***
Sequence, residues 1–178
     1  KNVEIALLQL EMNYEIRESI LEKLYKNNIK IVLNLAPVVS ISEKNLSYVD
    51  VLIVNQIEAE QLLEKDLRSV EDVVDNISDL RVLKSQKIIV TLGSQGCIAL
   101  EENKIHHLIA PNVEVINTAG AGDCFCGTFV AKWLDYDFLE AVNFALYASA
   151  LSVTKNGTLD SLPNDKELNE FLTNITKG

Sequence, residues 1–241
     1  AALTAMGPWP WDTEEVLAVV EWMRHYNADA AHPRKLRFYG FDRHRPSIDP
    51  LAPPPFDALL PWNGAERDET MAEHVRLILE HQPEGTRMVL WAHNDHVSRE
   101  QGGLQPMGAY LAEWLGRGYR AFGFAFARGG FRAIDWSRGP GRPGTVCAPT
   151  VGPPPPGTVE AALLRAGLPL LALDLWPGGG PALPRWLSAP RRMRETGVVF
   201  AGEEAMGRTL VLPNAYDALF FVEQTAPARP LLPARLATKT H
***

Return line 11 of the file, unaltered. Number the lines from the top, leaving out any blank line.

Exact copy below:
   201  AGEEAMGRTL VLPNAYDALF FVEQTAPARP LLPARLATKT H